The boys and I rode our bikes from South Beach SP where we were camping to the Oregon Coast Aquarium one afternoon. The ride was very easy and fairly short, about 20 mins. The boys loved it. They lead the way and locked up our bikes for us. What a a great start to our adventure!
Now, I have to say, as annual membership holders to the Monterey Bay Aquarium we are a bit spoiled but this was a lovely, intimate aquarium that focused on telling the stories of the Oregon Coast. There were inside and outside exhibits focusing on the coastal waters and the animals that live there. There were knowledgable and friendly volunteers, a touch pool, many interactive exhibits, a small educational play area for younger children and a cool walk through water tube, a cafe and a large gift shop.
Besides the water tube and watching my younger son at the touch pool, I loved the exhibit on the sand dollars and tube worms. My oldest was surprised by how much he enjoyed the outdoor seabird aviary.
We were all fascinated by the water tube aquarium and spent quite awhile in here watching the Skates, Bat Rays, fish and various sharks swim right overhead all native to the Oregon waters. I couldn’t wait to go swimming again in the ocean after our visit.
The wolf eel popped up for a quick photo op. Look at his bright blue color and lovely expression. The animals are all so photo friendly at the aquarium.
I swear the Octopus was posing for me. It was like she was connecting and sharing herself with me through the glass. I have many great poses of her. This is a Giant Pacific Octopus, and according to the Aquarium, they live along the coast from southern CA to Alaska. They feed off crustaceans such as crabs and clams and use their ink as both a defense and a predatory move. They are considered quite intelligent, which I believe. I couldn’t help but wonder if she was lonely.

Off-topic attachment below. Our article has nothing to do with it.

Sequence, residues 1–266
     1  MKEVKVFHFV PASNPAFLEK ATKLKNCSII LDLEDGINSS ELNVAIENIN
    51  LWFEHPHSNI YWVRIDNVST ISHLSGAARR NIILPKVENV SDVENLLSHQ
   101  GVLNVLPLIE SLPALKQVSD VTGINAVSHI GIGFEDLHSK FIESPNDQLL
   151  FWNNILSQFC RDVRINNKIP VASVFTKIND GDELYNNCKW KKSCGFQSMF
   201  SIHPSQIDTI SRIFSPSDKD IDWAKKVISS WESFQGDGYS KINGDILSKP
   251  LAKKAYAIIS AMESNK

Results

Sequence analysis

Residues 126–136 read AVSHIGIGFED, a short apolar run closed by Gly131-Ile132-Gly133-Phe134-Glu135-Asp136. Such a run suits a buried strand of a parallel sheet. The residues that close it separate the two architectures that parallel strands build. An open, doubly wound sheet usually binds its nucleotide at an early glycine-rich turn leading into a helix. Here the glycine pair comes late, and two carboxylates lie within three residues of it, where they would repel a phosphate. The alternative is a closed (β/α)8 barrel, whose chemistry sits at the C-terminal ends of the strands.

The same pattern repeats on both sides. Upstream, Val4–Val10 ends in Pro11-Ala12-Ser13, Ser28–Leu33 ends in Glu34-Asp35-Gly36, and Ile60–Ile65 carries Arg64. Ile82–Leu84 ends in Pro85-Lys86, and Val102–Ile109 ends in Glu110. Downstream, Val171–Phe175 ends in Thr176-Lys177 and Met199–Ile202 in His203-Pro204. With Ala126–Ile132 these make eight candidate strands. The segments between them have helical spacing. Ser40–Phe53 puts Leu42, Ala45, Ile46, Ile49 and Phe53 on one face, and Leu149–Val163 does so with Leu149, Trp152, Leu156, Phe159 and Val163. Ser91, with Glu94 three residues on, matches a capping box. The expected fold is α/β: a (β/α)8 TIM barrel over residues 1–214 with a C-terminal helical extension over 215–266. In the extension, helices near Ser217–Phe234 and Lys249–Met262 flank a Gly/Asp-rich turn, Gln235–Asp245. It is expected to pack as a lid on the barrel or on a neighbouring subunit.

It was a lovely afternoon exploring the Oregon Coast Aquarium. Stop on by and say “hi,” to my pal the Octopus.
And one last cool fact, did you know that Sand dollars can stand up on edge when they are feeding? Their fuzzy bodies are actually covered in spines and tube feet so tightly together on their bodies that they feel fuzzy soft. They catch their prey or algae with their spines and tube feet and lay back down flat when they are done eating. There is a time lapse video of the sand dollars in the aquarium, not to be missed.
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